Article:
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Franken emphasizes jobs at Renewal in Cottage Grove, literacy at school

U.S. Sen. Al Franken made a pair of stops in Cottage Grove Monday, learning about literacy programs and Spanish immersion at Crestview Elementary and touring a Renewal by Andersen manufacturing facility.

Franken used his visit to Andersen's 240,000-square-foot Cottage Grove Renewal manufacturing plant that specializes in energy efficient replacement windows to promote his Back to Work Minnesota initiative aimed at creating jobs by encouraging and supporting energy efficiency retrofits of buildings across the state.

Retrofits save businesses money in the long-run and cuts energy usage, Franken said, while helping create jobs at plants like Renewal.

"Retrofitting is a way to create jobs without spending any money," Franken said in a meeting with Andersen executives and employees before touring the facility. "There's capital [investment] but energy savings can pay off the capital."

The Cottage Grove plant, opened in 1999, employs between 300 to 400 workers, depending on the season, in its manufacturing facility and more than 100 employees in its offices on-site. Renewal by Andersen officials, including President Paul Delahunt, led the Democratic senator on a half-hour tour of the manufacturing floor to learn about how the company manufactures energy efficient windows.

"I just really believe retrofitting is the low-hanging fruit," Franken said.

Andersen is excited to be a part of Franken's efforts, said Susan Roeder, a corporate communications manager with the company.

"We're very eager to be a part of this initiative, to help as he is building the base," she said.

School visit

@9on11:At Crestview Elementary, Franken visited watched a reading program, visited with students and was briefed on the Nuevas Fronteras Spanish immersion school within the Crestview building.

Immersion students told Franken they are doing well in their studies, while speaking nothing but Spanish, and learning the same curriculum as other students their age.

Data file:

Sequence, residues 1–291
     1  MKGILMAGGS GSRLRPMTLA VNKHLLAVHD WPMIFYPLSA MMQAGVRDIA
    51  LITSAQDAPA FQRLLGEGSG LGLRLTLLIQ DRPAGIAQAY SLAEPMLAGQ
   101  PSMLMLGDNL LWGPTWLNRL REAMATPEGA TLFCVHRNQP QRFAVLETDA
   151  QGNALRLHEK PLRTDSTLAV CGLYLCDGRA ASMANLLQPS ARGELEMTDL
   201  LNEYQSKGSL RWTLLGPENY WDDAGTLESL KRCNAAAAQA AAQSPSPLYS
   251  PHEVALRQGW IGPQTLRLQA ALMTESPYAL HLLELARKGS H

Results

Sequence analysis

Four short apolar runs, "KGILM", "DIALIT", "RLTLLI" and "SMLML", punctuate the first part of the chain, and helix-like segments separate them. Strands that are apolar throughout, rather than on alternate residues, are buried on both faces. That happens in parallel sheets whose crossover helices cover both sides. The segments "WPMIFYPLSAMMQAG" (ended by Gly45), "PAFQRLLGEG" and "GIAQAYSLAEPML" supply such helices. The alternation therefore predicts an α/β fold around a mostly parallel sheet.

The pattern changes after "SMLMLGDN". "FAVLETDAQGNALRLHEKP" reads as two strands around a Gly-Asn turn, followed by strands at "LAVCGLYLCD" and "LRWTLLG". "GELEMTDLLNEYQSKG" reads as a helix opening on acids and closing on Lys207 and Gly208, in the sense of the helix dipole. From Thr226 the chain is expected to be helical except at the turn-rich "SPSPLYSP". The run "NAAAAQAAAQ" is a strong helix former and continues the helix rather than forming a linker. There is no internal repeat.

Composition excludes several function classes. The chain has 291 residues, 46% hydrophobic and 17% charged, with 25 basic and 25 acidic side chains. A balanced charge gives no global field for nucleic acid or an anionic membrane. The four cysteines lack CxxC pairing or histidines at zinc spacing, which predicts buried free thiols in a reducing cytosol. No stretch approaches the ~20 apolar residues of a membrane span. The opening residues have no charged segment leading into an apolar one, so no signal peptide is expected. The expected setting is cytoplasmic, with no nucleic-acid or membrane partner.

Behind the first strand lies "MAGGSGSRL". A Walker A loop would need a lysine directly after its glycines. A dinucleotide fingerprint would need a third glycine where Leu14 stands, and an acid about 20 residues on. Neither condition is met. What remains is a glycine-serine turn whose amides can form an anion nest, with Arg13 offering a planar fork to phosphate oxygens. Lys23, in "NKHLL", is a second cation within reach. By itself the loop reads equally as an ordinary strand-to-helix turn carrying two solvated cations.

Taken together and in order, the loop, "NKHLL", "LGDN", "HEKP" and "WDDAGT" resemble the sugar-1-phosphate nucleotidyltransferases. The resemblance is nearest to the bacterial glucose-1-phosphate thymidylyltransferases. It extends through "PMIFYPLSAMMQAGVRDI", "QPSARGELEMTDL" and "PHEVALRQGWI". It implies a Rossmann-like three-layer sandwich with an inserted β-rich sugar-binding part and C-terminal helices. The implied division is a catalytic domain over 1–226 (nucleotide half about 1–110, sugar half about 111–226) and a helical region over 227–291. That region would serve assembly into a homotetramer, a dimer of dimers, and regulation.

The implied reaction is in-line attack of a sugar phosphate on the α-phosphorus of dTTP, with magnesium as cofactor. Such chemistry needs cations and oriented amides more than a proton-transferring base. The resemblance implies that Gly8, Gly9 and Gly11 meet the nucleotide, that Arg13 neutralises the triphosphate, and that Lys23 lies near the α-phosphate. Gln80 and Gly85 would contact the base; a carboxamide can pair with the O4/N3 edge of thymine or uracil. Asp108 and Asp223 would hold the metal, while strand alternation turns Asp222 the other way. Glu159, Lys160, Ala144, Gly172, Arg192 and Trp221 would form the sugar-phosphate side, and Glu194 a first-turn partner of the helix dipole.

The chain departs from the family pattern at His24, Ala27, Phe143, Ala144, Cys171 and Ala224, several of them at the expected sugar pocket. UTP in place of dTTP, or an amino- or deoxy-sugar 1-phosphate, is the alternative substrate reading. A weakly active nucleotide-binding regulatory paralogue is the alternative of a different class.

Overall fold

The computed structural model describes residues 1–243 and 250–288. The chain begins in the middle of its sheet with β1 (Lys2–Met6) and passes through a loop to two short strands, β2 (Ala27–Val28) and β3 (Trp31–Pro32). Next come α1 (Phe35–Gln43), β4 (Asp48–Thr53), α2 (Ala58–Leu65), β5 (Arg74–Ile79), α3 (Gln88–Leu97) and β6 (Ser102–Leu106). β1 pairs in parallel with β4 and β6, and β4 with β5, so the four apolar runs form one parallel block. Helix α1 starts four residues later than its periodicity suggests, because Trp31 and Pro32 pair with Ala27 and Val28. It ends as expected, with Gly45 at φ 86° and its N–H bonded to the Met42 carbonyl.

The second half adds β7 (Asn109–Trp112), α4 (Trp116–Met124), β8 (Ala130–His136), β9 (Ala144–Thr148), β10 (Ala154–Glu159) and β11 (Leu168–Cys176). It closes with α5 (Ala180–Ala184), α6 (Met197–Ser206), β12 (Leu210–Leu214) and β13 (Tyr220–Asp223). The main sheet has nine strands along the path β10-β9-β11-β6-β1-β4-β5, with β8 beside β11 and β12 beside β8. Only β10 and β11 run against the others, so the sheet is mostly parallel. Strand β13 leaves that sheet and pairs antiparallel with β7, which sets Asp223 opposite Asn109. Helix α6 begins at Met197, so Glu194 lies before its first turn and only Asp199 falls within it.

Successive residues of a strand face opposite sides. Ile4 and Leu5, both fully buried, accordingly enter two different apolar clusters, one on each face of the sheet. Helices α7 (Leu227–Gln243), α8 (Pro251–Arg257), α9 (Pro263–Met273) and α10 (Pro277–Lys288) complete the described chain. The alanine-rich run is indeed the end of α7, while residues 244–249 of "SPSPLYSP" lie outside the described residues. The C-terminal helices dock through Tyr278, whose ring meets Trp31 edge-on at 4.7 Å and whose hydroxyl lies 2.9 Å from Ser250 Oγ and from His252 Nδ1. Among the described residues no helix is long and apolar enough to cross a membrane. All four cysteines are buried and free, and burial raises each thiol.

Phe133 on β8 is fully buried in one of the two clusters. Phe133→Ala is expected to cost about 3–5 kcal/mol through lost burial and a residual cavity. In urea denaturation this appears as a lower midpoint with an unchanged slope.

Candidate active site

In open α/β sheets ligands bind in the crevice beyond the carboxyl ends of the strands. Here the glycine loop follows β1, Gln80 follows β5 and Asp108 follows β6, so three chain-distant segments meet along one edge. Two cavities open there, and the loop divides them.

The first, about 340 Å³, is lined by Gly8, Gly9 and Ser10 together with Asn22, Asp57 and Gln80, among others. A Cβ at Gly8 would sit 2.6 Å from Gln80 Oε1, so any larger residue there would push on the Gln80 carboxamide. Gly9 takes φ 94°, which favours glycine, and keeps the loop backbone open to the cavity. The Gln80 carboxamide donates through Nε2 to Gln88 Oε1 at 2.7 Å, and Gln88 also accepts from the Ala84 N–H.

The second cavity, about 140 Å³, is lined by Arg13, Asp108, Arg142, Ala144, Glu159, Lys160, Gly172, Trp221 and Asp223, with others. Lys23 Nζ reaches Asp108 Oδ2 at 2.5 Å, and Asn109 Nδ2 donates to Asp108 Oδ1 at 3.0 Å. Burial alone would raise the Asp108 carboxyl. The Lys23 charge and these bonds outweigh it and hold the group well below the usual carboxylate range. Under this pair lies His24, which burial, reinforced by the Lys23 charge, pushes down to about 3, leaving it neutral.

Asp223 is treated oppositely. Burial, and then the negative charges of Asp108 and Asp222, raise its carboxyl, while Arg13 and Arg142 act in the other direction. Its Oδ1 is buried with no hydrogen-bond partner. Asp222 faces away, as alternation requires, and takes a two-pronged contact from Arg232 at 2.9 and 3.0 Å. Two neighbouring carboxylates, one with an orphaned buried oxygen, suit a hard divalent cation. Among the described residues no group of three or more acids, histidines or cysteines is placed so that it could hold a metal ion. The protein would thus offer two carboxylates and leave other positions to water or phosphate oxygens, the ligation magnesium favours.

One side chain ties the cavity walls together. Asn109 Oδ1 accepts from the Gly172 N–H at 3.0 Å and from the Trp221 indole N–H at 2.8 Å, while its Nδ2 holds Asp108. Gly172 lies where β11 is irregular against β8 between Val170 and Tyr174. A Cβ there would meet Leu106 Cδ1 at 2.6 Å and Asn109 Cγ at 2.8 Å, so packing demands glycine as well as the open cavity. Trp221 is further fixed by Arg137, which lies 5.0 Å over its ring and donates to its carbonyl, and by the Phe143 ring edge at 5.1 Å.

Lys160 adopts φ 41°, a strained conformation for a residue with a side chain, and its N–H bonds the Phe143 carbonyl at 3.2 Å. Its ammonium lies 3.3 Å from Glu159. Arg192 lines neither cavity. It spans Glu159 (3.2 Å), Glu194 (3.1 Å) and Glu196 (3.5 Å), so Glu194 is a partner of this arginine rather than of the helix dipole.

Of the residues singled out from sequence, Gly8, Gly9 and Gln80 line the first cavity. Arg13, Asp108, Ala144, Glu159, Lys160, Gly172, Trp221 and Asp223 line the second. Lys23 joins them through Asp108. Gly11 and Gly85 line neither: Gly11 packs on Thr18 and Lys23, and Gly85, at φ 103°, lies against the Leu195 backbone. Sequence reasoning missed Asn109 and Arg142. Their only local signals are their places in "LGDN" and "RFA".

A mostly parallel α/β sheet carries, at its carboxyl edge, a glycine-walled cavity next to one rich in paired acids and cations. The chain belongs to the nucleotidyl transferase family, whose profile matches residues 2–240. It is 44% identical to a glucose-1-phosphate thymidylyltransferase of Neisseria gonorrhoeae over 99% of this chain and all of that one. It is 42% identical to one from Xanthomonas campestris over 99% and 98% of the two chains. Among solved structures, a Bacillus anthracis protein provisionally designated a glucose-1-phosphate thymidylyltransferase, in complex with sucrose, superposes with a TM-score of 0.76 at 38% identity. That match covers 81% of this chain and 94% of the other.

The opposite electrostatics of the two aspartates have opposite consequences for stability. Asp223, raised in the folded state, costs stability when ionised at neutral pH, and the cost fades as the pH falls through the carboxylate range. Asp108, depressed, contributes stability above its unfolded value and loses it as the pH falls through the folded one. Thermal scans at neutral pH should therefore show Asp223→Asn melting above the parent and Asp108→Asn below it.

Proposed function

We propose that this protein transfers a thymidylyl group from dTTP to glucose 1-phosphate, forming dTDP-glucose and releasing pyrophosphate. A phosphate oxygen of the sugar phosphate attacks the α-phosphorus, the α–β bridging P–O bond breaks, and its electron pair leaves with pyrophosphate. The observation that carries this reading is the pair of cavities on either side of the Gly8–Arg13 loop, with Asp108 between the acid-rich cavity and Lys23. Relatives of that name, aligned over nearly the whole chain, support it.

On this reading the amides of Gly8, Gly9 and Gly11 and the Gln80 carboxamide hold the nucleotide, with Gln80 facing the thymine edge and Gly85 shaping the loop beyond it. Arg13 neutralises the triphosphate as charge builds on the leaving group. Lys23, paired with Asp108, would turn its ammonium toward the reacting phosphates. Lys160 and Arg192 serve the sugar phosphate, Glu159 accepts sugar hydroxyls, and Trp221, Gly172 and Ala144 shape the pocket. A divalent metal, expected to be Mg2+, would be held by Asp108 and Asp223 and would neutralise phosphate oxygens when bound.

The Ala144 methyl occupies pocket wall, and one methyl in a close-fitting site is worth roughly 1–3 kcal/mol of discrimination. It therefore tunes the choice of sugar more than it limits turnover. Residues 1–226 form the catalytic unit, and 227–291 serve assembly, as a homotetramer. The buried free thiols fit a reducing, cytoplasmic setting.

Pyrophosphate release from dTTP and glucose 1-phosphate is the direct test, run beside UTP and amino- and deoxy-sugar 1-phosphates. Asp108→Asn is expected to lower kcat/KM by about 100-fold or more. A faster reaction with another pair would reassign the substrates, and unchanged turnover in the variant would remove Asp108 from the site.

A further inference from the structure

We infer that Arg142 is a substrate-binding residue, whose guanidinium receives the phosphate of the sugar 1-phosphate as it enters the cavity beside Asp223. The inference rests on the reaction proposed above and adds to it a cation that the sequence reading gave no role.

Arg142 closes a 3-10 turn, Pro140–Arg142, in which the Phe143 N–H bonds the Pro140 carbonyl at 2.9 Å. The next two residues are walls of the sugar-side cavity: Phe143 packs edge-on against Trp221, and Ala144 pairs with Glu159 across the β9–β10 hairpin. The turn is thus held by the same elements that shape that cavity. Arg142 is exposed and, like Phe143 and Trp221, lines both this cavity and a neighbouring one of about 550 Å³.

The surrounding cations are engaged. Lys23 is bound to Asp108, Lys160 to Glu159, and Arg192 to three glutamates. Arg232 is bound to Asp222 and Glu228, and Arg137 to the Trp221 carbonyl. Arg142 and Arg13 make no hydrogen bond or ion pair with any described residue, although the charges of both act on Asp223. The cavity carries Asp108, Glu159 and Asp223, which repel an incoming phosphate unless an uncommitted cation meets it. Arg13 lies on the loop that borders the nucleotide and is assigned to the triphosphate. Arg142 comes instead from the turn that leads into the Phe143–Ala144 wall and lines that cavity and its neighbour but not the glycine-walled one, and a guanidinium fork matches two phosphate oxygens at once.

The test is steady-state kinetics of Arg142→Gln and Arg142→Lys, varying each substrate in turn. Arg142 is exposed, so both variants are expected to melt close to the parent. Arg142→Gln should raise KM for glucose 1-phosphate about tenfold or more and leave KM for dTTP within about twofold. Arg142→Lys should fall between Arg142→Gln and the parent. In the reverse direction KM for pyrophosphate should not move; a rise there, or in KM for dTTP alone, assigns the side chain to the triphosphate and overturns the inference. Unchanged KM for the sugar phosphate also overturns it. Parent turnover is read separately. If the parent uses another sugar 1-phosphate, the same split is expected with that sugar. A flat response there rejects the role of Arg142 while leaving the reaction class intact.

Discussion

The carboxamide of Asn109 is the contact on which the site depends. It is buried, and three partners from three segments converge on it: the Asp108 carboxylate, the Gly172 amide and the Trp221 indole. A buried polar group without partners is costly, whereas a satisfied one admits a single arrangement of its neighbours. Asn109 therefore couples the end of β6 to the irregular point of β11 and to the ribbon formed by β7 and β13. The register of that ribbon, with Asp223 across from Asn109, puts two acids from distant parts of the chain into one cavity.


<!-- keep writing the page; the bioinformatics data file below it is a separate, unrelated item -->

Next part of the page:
Currently there is no federal funding for immersion programs, Franken said, adding that he wants it funded.

After observing student Victoria Mann working with AmeriCorps instructor Nicole Toni, Franken said he wants to see continued funding of the AmeriCorps reading and math program.

It's important that students learn to read by third grade, Franken told Crestview Principal Rich Romano.

The students also quizzed Minnesota's junior U.S. senator.

The first thing students wanted to know is what President Obama is like. Answering a fifth-grader's question while visiting a Nuevas Fronteras classroom, Franken said he met President Obama and his wife, Michelle, when Obama was in his first days as senator from Illinois.

"I was impressed with how calm he was," Franken said. "His kids are very important to him. He's smart, too. Michelle is also very smart."

Kids also wanted to know how he got into politics from being a writer and comedian.

Franken said he grew up during the heart of the African-American struggle for civil rights. His father told him about the importance of being interested in politics. Much of his comedy was also political, he said. But later in life, he decided to run for the Senate.

The work is hard, he told students, "but good."

Kelly Fenske's first-graders tested Franken on his knowledge of history. "Is July America's birthday?" asked one student, provoking a discussion about the Declaration of Independence.

A student asked him how old Minnesota is and Franken answered, "154 years old."

"Wow!?" said the student. "That's older than my dad."

Another student asked if the president is watching them.

"No," Franken said.

"That's Santa Claus that watches us," said another student.

"Thank you for clarifying that," Franken said.

Franken's Senate-related visits to Cottage Grove Monday came a day after he was in town for campaign purposes. Franken attended an event Sunday in Cottage Grove for legislative candidate Dan Schoen and other DFL candidates.